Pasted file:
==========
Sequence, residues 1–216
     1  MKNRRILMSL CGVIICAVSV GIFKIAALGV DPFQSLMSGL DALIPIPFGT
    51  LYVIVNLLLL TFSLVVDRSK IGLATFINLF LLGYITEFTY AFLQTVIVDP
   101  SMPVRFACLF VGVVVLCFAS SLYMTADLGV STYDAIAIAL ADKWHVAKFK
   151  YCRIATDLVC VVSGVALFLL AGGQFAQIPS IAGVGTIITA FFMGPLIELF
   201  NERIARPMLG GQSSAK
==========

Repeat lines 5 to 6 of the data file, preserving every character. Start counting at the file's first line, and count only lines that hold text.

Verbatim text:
   151  YCRIATDLVC VVSGVALFLL AGGQFAQIPS IAGVGTIITA FFMGPLIELF
   201  NERIARPMLG GQSSAK